Tag Archive | Lexington

Major Industry in the Window Well

My big brother and I had a thriving transport industry when I was small back in 1957.  Our Dad sold construction machinery so our interests often led in that direction.  Our new white brick house in the Gardenside neighborhood of Lexington, Kentucky had a basement below ground. To allow natural light Window wellinto the basement, there were windows which were slightly below ground, and had corrugated wells or shells that surrounded them.   These mysterious apertures were always lending themselves to mischief and made great hiding places.

The Christmas when Mike received a crane and dump truck was unexpectedly warm and a temporary reprieve from the snow temporarily so we played outside every day.  After learning to maneuver the crane and operate the bed of the dump truck, we had to find ways to put them to use.  We gathered sticks, and  piles of leaves and were making a general mess when we discovered the gravel down in the window wells.  We hauled the gravel out of the well bucket by bucket, filling up the dump truck, till Mom said we had to stop and put it all back and smooth it out again.  This stymied our plans so we had to get really resourceful for new materials to haul.

Our cat had kittens a few weeks prior to this, so it occurred to Mike to go into the Kitten Delivery business.  He set up shop in the back yard, making all those amazing mouth noises that little boys devise for their major machines, cranking it out and running it around with vigor.  He would call out the orders as they came in from our demanding imaginary customers and get ready to deliver his product without delay.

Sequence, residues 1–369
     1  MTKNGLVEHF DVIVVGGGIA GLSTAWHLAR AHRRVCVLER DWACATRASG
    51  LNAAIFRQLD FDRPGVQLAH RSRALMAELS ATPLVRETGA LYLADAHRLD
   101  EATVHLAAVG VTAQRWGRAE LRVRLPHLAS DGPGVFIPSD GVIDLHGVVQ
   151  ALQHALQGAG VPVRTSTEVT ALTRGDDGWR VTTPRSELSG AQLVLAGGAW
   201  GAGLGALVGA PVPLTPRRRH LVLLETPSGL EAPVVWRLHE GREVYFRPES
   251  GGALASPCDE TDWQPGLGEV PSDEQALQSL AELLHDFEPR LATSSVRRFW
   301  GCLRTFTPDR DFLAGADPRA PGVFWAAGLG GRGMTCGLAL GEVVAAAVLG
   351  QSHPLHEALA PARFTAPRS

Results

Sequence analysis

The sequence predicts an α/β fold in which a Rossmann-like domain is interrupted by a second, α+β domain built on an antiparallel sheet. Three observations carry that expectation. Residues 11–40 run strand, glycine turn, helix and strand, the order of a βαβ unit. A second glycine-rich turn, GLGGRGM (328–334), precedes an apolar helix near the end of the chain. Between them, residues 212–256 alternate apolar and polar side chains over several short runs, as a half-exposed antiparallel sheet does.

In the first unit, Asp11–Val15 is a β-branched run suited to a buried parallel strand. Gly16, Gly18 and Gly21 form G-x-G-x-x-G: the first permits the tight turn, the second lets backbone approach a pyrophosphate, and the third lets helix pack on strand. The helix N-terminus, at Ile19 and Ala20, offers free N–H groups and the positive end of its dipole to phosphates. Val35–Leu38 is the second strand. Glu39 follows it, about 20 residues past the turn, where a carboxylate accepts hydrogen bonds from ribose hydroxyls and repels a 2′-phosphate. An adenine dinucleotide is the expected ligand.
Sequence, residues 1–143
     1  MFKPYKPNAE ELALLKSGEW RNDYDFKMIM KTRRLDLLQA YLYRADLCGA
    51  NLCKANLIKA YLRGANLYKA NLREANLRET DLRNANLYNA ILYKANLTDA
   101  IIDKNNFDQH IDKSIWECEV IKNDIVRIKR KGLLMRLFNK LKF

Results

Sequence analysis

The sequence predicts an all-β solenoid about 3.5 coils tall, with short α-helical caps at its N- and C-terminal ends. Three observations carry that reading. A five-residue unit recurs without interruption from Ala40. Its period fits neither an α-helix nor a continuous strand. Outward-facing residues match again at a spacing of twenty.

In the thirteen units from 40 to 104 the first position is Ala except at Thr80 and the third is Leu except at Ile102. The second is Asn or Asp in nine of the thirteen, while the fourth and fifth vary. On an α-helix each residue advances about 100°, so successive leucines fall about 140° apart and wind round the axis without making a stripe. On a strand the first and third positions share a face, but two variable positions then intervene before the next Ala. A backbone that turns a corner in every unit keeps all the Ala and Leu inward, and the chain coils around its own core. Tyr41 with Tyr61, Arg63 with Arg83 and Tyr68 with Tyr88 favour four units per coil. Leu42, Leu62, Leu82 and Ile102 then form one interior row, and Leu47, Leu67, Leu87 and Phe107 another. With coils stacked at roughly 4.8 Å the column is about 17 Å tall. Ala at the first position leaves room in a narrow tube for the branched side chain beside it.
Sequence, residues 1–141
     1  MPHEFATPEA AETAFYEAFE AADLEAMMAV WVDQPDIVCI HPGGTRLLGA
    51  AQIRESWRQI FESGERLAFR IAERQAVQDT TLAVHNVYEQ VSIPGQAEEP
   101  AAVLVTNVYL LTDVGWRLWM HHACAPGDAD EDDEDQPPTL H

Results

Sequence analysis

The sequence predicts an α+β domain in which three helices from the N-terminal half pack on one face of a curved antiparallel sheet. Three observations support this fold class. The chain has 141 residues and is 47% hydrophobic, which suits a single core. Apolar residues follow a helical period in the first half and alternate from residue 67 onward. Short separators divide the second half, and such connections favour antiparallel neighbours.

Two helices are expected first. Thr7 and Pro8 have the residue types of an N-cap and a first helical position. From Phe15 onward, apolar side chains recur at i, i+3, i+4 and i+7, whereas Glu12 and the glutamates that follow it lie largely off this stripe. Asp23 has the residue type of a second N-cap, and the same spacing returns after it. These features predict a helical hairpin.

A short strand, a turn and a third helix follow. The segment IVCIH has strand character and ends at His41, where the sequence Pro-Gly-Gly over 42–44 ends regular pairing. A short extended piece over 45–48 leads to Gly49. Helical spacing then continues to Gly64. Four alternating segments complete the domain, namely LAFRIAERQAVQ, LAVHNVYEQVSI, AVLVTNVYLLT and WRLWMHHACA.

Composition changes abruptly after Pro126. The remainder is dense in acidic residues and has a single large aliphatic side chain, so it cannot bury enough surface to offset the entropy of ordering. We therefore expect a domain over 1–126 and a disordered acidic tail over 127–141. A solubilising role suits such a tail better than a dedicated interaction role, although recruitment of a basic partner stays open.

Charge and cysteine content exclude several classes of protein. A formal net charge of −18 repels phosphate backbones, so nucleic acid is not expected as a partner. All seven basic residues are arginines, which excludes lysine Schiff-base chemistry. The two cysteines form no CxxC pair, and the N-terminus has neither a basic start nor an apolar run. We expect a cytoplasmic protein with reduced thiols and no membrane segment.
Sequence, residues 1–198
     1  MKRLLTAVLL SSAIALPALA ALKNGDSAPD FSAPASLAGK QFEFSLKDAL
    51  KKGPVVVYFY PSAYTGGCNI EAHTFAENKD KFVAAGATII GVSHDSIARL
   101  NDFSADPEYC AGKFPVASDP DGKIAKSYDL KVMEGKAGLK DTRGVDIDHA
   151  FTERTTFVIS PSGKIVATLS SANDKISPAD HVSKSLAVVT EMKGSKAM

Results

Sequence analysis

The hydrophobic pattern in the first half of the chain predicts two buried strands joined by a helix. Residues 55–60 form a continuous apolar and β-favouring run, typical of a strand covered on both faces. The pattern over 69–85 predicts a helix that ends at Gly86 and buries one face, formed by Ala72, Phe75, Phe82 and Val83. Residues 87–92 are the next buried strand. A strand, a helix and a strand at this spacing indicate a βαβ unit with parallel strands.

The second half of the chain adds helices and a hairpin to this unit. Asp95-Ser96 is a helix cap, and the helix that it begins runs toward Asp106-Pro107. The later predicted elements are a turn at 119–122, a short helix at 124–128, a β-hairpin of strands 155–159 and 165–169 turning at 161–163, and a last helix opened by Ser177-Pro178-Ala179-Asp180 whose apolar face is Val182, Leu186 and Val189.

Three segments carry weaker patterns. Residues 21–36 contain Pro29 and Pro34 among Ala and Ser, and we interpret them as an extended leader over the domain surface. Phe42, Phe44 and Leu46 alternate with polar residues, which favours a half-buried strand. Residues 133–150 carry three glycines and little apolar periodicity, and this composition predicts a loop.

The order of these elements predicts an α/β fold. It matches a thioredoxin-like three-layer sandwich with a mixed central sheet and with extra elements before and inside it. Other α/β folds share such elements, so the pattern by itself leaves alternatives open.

It was always my job to jump down into the well, which seemed 10 feet deep to me at the ripe age of 4.  I would kneel down and capture a squirming kitten (placed there earlier by yours truly much to the chagrin of their Mama cat), then yell to the foreman (much older Joe Mike the master craftman–who was 7) to reel the bucket down.  He loved that steel Tonka Crane that he’d received from Santa that year, and he would turn the hand crank that lowered the black steel basket down into the well with enthusiasm–sometimes cracking a kitten in the head, or plopping onto the unsuspecting little critter like a giant black claw.

I would close the claw, tuck the little creature into the basket that it made, and yell, “Geronimo!” releasing the basket to watch it go toddling skyward to be dumped into the bed of his dump truck for hauling away.  This was a slow and precarious process, as the cargo tended to pop out out of the truck bed almost immediately to go exploring.

We kept at it  until the Mama cat had enough, coming to rescue her little band  Her bleating meows alerted our Mom, who caught us and put a stop to our innocent feline torture trials.  We found other uses for tCrane piche crane and dump truck after that, just as adventurous as you’d imagine would come from the mind of a precocious 7-year-old.  But that Kitten Transport Delivery service was probably the best time we had that Christmas and a memory that hasn’t faded in almost 60 years.

Like Fishing? Help me Fish Up an Old 78!

Old Congolese 78 rpm records, being the three ...